Yellow fluff, but for their black bills and eyes,
they take in campus life from long necks, and
short canoe-shaped bodies that are readying
day by day, for November’s epic struggle:
a tiresome but crucial v-formation flight south,
understood best by Snowbirds fleeing Canada’s cold.
But, for now, father leads the gaggle as they waddle
and forage in wonder at a largely unknown world,
one where sunshine driven through pale blue skies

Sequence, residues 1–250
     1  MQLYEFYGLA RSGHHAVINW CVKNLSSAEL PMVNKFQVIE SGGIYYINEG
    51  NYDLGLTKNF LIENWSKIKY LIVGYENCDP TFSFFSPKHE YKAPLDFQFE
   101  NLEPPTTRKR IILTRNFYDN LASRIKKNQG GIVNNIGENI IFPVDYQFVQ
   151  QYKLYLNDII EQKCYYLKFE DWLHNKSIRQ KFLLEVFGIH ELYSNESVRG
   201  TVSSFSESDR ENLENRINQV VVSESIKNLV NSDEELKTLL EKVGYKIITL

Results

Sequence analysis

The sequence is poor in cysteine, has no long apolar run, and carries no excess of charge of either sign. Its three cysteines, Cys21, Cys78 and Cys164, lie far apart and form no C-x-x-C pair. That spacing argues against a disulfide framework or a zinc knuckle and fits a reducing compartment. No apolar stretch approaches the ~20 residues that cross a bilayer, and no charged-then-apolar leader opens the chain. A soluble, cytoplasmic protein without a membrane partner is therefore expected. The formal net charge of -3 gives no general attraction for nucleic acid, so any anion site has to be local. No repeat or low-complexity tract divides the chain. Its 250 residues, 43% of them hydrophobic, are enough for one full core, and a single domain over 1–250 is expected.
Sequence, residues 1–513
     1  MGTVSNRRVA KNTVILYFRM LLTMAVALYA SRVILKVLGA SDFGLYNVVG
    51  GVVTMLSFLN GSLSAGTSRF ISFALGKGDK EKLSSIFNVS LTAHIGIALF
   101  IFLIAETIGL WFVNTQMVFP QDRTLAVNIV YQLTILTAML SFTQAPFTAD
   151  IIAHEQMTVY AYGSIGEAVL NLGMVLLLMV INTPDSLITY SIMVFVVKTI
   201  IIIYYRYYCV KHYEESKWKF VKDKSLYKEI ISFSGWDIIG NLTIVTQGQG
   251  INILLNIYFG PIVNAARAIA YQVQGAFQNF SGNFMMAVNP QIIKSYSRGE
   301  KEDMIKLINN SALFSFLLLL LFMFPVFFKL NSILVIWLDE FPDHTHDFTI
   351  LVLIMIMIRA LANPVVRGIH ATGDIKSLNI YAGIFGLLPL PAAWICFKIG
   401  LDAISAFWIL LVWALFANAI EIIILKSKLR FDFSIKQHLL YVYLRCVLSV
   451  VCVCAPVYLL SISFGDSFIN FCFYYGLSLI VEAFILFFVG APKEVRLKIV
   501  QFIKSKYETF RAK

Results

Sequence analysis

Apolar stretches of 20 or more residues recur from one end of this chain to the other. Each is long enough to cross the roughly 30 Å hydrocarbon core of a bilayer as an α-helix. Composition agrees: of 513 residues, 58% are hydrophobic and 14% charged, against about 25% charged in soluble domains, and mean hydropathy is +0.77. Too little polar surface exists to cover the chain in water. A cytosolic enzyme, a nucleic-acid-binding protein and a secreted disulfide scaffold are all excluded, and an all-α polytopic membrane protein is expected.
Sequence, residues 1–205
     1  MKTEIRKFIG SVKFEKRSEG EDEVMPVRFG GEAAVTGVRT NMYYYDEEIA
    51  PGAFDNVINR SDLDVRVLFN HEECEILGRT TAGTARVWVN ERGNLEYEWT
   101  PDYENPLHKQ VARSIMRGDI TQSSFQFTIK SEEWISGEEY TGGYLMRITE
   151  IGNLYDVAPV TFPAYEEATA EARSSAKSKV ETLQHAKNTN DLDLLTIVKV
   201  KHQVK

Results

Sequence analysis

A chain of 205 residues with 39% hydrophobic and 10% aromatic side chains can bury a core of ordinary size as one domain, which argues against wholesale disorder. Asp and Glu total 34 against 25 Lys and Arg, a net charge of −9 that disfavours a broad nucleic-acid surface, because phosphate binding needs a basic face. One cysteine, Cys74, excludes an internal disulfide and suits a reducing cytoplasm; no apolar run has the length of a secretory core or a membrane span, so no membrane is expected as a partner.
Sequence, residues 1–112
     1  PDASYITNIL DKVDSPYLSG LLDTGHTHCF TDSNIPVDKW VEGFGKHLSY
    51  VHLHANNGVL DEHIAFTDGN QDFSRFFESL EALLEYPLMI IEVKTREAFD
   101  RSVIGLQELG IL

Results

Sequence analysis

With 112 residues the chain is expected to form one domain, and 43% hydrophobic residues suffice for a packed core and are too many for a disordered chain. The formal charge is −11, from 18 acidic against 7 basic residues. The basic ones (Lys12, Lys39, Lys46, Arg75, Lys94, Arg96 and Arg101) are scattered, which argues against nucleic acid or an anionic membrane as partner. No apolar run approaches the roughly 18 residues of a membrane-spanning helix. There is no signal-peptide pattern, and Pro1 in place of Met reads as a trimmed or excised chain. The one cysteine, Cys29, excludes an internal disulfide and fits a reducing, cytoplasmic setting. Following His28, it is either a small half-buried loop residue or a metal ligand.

gently meets the ground so stocked green with food
they cannot conjure the maddening discontent of hunger,
and certainly not as the wind gently tousles their down, and
mother at their side plays the bad big bird warden
since their chin straps have yet to come in.
And able she is, too,
giving squawks and hisses
as judiciously as she gives body heat,
always with that large but soft boaty body,
and its strong wings that form a hide ever
now like weeks before their birth —
before they knew anything about Earth.
she will teach these survivors how she
bests the coyotes and the crows, and
continues to forage, swim, and fly,
assured the world is her garden,
and now theirs, too.